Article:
image source: Gal Meets Glam
LEARN HOW TO GROCERY SHOP LIKE YOUR MOM…
I asked my mom to teach me how to grocery shop and plan healthy, delicious meals that we can eat for a week. I want my time in the kitchen to be more efficient, to minimize boredom and waste: i.e., not throw away a lot of shriveled old food at the end of each week.
Other guidelines: leftovers are fine, but not every night, and I don’t want to start every meal from scratch. I am happy to eat a few meals out but most definitely don’t want to live on greasy and expensive takeout.
Easy she replied back. Be smart about how and what you grocery shop. Keep essential — and not so essential — pantry items on hand. And the recipes? Keep them simple.
YOUR PANTRY IS YOUR ARSENAL
You should have a reasonably stocked pantry, which means salt and black pepper – preferably peppercorns that you grind when needed – an array of commonly used spices, like basil, oregano, crushed-red-pepper flakes, chili powder, curry powder, thyme, and cinnamon; olive oil, vinegar, mustard, and low sodium soy sauce. Also, I recommend you have toasted-sesame oil, unseasoned rice-wine vinegar – which is a great substitute for lime juice – and Dijon mustard.
Equipment is just as important as ingredients. There are basics that will get you through almost everything. You will need measuring cups and spoons, tongs, a blender, a cutting board, a sharp knife, a can opener, a mixing bowl, a potato masher or fork, a wooden spoon, and, most important, a large cast-iron or another ovenproof skillet. If you don’t have any of these, you won’t be sorry you go out and purchase them!
SUNDAY: TAKE STOCK, GROCERY SHOP, AND COOK DINNER
WHAT YOU NEED TO GROCERY SHOP:
The rice and oats will last a year; the beans, broth, and coconut milk 6 months unopened.
- baguette or loaf of bread (freeze when you get home)
- 16-ounce container steel-cut oats
- 28-ounce bag brown or white rice
- 15 ½-ounce can black beans or chickpeas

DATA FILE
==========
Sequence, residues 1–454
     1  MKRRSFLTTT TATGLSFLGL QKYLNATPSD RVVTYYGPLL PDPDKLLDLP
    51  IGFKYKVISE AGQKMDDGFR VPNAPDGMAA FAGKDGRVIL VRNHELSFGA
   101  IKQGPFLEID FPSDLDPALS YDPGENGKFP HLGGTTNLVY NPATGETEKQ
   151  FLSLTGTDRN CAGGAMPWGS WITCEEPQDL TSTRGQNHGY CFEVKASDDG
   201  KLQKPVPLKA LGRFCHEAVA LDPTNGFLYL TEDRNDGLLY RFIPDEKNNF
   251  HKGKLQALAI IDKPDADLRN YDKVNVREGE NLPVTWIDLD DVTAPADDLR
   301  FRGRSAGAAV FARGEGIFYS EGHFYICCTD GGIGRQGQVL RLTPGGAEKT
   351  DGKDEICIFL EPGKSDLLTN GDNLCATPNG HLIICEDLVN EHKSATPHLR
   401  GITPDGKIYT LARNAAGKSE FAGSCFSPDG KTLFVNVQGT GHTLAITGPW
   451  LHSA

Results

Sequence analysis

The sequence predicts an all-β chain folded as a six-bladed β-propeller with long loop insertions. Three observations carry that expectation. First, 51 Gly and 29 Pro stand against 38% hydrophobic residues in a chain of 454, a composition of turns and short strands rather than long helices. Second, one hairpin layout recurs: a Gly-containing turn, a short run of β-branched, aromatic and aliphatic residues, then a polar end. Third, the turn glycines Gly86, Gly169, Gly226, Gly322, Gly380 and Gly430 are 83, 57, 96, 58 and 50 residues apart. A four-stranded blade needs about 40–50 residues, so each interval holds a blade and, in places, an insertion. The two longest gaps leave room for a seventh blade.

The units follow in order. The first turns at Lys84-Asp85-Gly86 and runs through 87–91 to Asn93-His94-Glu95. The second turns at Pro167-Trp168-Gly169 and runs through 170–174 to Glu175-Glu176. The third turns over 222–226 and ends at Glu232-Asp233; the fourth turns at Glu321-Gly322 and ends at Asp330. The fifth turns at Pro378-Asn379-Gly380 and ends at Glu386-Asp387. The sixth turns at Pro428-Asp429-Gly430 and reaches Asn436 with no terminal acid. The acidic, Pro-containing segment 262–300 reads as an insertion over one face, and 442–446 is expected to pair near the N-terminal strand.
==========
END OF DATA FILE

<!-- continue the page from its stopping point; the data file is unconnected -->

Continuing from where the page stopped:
- 32-ounce box chicken broth (I prefer boxed to canned)
- 13 ½-ounce can coconut milk
- 11-to-15-ounce box mesclun or whatever kind of salad greens you like
- 1-pound bag carrots
- a handful of green beans (4 to 5 ounces)
- sweet potato
- a big handful of snow peas (4 to 5 ounces) 10-to-12-ounce box grape tomatoes
- English cucumber
- head of garlic
- apple, whatever kind you like
DAIRY AND MEAT:
- 4 to 6 chicken thighs
- dozen large eggs
- 1-quart plain yogurt
- 8-ounce block Cheddar cheese
- 5-ounce tub firm or extra-firm tofu
- 2-ounce jar sesame seeds
- 14-to-16 ounce bag frozen peas
- 14-to-16 ounce bag frozen berries
Depending on where you live and where you shop, this should cost between $50 and $75.
ROASTED CHICKEN THIGHS WITH GREEN BEANS & SWEET POTATOES
This recipe is surprisingly simple and quick, but if you prefer to make the chicken more complex, add additional dried herbs like oregano and basil, or spices like chili powder and cumin. Or slather the thighs with Dijon mustard — or better yet, mustard and pesto.
If thighs aren’t your favorite, use drumsticks or breasts, but be sure to leave the skin on, because it adds a great crispy texture as well as flavor.
Hands-on time: 20 minutes
Total time: 1 hour, 20 minutes
Makes: 4 to 6 thighs
- 4 to 6 bone-in, skin-on chicken thighs, trimmed of excess fat
- ¼ teaspoon kosher salt
- teaspoon black pepper
- ¼ teaspoon dried thyme
- 1 tablespoon hot sauce (optional)
- ¼ teaspoon crushed-red-pepper flakes
- a handful of green beans ends trimmed
- sweet potato, scrubbed and pricked with the tines of a fork on one long side (this allows the steam from inside to escape and is actually important)
Preheat the oven to 425 degrees.
- Place the chicken in the skillet, skin side up.
- Sprinkle with the salt, thyme, red-pepper flakes, and black pepper.
- Transfer the skillet to the oven, and put the sweet potato, pricked side up, on the rack next to the skillet. After 40 minutes, remove the skillet from the oven. Carefully tilt it over a heatproof container to allow the excess fat from the chicken to drain out.
- Add the green beans to the skillet, and return it to the oven. Cook until the chicken is crisp and golden-brown on top, 5 to 10 additional minutes.
- Serve yourself 1 to 2 chicken thighs, all the green beans, and half the sweet potato. Cover and refrigerate the leftovers.
While the chicken is cooking, make:
It is critical — unless you hate salad — to learn how to make a great one. A good basic vinaigrette is half the battle. I also recommend you have an assortment of dried fruit, nuts, and seeds on hand to sprinkle into your salads. They are expensive but oh-so-worth-it for their transformative powers. Cheese, fruit, and beans are also great additions. Hard vegetables like red cabbage and carrots are good because they last a long time in the refrigerator. The best salads have crunchy, soft, salty, sweet, a little bit of everything.
Time: 5 minutes
Makes: 1 cup
- 1 cup olive oil
- ½ cup vinegar (any kind) or fresh lemon juice
- ½ teaspoon kosher salt
- Pinch black pepper
- Place everything in a jar and shake well (or if you have a blender, blend until completely mixed).
- Use right away, or cover and refrigerate for up to 2 weeks.
- Shake well before using.
Variations: Add any of the following:
- 1 tablespoon Dijon mustard
- 2 tablespoons any-herb pesto or 2 tablespoons chopped fresh herbs, such as basil, cilantro, or mint
- 2 anchovies, mashed, and 1 garlic clove, minced
- 1 tablespoon curry powder